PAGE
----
But events. People. Leaders. Relationships. How can God’s handiwork be the stuff of this? Where does hope live?
I got a call Monday from my 21 year old. She worked in Anacostia this summer. Many days she walked from the metro to her internship. Other days, her boss picked her up. Every day, she passed the Navy yard where, this week, 12 people lost their lives at the hand of another. She called me in tears. “I walked right by there,” she said. I “saw the people working there.” Her boss kidded her to say, “There are your boy friends” in the Navy Yard. “Mom, there is no place that is safe!”
I let her walk there. I let her drive there. I let her take a low paying internship in a “bad part of town.” I put her at risk so she could pursue her passion. And she loved it. Loved the people, both co-workers and residents. Her passion is to bring people together through the arts. She does not see color, or race, or gender, or sexual identity, or income. She just sees people, trying to be more human. She sees God’s humanity much better than I do.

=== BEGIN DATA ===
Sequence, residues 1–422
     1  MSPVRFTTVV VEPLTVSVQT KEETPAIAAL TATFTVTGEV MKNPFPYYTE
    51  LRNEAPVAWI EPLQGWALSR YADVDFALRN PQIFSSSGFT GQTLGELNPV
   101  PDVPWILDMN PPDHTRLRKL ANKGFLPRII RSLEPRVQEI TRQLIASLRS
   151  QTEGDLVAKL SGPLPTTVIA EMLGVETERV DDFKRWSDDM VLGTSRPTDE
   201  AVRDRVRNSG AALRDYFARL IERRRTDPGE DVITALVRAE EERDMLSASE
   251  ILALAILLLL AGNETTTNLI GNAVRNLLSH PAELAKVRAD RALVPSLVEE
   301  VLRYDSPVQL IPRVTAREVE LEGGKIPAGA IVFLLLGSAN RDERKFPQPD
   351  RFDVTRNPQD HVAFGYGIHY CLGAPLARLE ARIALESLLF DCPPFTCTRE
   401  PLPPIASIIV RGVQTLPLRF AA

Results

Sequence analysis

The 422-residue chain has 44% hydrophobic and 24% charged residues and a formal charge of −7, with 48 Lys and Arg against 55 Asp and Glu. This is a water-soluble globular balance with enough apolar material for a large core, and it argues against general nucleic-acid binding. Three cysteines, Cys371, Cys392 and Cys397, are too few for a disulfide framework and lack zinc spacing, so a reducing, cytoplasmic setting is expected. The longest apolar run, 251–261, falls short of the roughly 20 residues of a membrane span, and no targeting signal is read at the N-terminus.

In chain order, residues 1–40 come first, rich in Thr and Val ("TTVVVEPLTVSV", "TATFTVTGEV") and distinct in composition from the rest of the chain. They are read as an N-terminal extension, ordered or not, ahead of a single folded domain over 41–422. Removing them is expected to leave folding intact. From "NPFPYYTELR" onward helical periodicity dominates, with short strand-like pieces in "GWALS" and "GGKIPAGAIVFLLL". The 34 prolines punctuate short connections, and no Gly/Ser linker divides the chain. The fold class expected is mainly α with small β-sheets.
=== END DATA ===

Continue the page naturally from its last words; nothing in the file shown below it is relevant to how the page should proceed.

For a moment I am Abraham and she is Isaac, the child whom I must trust to God in the sacrifice. Is it me that God is shaping? Or her, a child of 21, whose innocence is gone. Whose heart is torn by the events of this week, because those people and that place are real. I wish she didn’t have to know this, but she does. She is where hope lives.
Yesterday, God in His great mercy, reminded me…
I must remember. In it all, You are.